Updated Jul 21, 2020

Aerospace grant for green development

The UK aerospace industry is to benefit from grants of up to £200 million, which will be matched by the industry, to be used on research and development projects through the Aerospace Technology Institute (ATI). This grant will protect aerospace jobs and supply chains across the UK as well as help the industry recover from the coronavirus pandemic.

The funding has the added benefit that it will be used to develop new technology to help the industry become more environmentally-friendly. The investment will see the development of high performance engines, new wing designs, ultra-lightweight materials, energy-efficient electrical components and other new innovative technology.

Alok Sharma, Secretary of State for Business, Energy and Industrial Strategy, said: "We have an incredible aerospace industry right here in the UK that defines the way aircraft are manufactured globally. This £400 million ATI investment will help secure our world-leading position in developing new flight technology to make air travel safer and greener into the future."

Part of the funding will go to Rolls-Royce led projects which aim to develop efficient engines with greater environmental performance, which will be essential if the UK is to achieve its net-zero carbon emission targets by 2050.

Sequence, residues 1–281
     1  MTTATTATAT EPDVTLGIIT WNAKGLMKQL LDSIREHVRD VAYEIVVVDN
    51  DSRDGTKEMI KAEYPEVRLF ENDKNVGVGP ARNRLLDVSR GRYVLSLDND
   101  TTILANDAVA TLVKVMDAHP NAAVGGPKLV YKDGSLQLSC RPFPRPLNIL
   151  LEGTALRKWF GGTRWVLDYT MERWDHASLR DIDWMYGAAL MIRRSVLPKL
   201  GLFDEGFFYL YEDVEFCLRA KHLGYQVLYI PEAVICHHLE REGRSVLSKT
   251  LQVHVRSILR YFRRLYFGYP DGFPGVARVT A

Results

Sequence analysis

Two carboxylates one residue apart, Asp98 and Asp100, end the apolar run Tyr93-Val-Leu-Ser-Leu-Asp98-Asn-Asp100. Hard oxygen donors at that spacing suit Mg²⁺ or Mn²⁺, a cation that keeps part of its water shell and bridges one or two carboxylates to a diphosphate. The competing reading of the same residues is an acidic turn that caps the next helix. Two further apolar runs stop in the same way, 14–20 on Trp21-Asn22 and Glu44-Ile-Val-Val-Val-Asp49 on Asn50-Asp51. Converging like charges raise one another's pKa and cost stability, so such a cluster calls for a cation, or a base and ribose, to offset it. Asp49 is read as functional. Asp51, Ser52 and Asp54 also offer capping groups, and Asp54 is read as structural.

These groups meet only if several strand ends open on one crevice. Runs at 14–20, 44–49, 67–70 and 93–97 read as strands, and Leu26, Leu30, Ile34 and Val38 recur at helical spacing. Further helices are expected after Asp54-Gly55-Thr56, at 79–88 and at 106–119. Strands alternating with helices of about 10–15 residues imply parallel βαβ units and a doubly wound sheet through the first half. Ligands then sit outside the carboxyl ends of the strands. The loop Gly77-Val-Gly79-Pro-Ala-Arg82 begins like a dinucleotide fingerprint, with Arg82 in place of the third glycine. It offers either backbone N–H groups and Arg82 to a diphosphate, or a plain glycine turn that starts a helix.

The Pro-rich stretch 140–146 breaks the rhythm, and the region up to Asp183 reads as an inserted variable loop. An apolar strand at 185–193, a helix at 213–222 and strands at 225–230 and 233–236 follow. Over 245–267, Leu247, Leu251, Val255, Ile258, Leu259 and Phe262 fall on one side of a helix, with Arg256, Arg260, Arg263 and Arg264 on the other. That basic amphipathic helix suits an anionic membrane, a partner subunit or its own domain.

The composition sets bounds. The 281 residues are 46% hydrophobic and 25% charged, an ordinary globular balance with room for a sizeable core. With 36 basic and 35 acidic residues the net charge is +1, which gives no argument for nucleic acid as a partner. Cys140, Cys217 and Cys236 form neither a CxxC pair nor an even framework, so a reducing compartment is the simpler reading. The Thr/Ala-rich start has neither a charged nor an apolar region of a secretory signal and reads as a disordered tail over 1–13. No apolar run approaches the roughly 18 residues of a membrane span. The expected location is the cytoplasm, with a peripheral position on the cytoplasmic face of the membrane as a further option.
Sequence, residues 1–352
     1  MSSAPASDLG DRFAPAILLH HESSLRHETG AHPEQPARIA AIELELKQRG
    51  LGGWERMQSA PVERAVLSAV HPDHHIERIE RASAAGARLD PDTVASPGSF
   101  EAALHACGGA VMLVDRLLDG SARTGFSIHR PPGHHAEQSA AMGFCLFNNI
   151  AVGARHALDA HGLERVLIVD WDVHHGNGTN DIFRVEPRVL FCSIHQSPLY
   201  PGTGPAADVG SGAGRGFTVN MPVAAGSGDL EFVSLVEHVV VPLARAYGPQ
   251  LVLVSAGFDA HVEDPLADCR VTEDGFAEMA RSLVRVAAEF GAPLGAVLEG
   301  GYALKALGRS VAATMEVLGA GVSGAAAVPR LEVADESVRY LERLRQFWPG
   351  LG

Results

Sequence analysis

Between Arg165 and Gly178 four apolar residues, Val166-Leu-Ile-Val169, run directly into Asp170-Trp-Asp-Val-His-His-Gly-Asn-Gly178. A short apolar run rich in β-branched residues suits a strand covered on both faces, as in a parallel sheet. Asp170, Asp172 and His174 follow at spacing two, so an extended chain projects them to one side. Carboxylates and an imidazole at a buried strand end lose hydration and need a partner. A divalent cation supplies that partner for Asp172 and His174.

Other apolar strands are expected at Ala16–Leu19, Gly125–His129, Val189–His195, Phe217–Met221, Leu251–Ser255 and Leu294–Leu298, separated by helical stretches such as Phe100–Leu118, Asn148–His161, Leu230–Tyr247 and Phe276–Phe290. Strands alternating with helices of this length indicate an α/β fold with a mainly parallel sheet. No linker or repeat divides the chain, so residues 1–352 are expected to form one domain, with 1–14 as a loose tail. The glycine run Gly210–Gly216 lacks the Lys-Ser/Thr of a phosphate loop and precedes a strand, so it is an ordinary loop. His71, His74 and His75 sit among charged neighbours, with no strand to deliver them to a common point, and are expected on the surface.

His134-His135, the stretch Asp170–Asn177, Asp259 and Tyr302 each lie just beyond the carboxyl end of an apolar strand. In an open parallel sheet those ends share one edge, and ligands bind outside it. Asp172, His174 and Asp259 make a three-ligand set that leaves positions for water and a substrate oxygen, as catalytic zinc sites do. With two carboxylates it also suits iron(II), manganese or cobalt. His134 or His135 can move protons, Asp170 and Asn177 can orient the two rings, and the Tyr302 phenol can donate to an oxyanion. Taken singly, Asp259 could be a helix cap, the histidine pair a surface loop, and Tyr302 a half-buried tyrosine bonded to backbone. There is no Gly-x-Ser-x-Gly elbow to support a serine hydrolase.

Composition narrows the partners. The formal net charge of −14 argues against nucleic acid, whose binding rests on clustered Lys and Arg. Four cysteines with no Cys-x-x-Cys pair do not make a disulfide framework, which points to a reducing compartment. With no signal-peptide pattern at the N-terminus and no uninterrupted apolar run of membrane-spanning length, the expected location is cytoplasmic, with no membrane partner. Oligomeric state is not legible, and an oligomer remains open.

In addition to this funding, Mr Sharma also announced a new FlyZero initiative, aimed at beginning exploration into zero-carbon emission commercial aircraft. This initiative will be funded by the Government and will hopefully create a basis for further research and development into efficient technologies which will be essential in the future.

Gary Elliott, Chief Executive of the ATI, said: "FlyZero represents an acceleration of the UK's ambition to lead the world in green aviation. These are challenging but also exciting times for the aerospace sector; we need to help UK companies to recover while also creating new approaches to technology development and innovation. FlyZero will engage a team of highly-skilled engineers and technologists from across the UK to look into how to design and build a zero emission commercial aircraft, with the solid aim of securing future manufacturing in the UK."